We can fool ourselves into thinking that we have our lives well planned out. It was that way for me, being a product of the 1950/60’s: I’d go to college, meet my prince, get married, have children and live happily ever after. As much as I thought I knew what to expect, my life was riddled with surprises. But the last was the most unexpected, compelling me to write Fifth Child, a non-fiction book about the anguish and consequences of a drug-addicted child, which resulted in parenting her child almost since birth.

My husband and I are cast into a shockingly large demographic. Grandparents raising grandchildren is a growing phenomenon in our country because of our shifting economy, unmarried teen mothers, alcohol abuse and illegal drug use. Close to 10 million grandparents comprise the club. We had already raised four children. Jaime was our third child, and Brady is her son, who began calling us Mommy and Daddy when he was three. Readers may be amazed to find calamity overcoming a so seemingly traditional family. But as events and family history unfold, disturbing pitfalls and unfortunate genetic vulnerability reveal fault lines that can sabotage people from any walk of life.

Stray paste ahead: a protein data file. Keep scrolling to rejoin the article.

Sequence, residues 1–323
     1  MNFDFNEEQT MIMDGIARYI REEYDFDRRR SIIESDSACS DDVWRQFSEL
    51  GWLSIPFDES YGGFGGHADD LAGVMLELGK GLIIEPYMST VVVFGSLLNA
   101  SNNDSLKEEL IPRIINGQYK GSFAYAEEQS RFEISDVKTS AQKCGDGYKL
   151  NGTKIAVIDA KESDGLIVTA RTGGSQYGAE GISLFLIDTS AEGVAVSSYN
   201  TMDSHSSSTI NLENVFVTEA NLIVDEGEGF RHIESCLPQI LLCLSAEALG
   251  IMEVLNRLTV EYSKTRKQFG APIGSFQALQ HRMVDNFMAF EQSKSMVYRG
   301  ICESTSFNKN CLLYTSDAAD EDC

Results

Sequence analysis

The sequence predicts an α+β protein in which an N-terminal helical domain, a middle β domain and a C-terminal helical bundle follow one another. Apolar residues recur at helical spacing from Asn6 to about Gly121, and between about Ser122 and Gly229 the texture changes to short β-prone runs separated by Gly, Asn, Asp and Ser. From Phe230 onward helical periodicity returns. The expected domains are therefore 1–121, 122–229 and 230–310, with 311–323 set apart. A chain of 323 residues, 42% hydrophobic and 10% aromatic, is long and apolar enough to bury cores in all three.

"The Addict's Mom Sharing Without Shame" Video is so important whether addiction has touched your life or not. It's powerful. Please click on the link below to watch the video http://www.youtube.com/watch?v=gHNZbbePiKg

Follow by Email

Thursday, March 22, 2012

A Snippet From Chapter: THREE PARENT FAMILY

Two months passed and I hadn’t heard a word from Jaime. Every time the doorbell or the phone rang at odd hours, I shuddered, thinking it was the police telling me they found my daughter in a ditch.  That thought haunted me when I slept and when I was awake. It’s a nightmare many parents share when their children are addicts.

It was a Saturday morning towards the end of summer. I was still in my pajamas, casually reading the newspaper and finishing my cup of coffee when the phone rang.  I thought it might be Adam calling from Tennessee, but it wasn’t; it was Jaime. For the first time in a very long time, her voice wasn’t hoarse. She asked me to please just listen and not talk. Something inside me gave me a foreboding of what she was going to say.  I held my breath.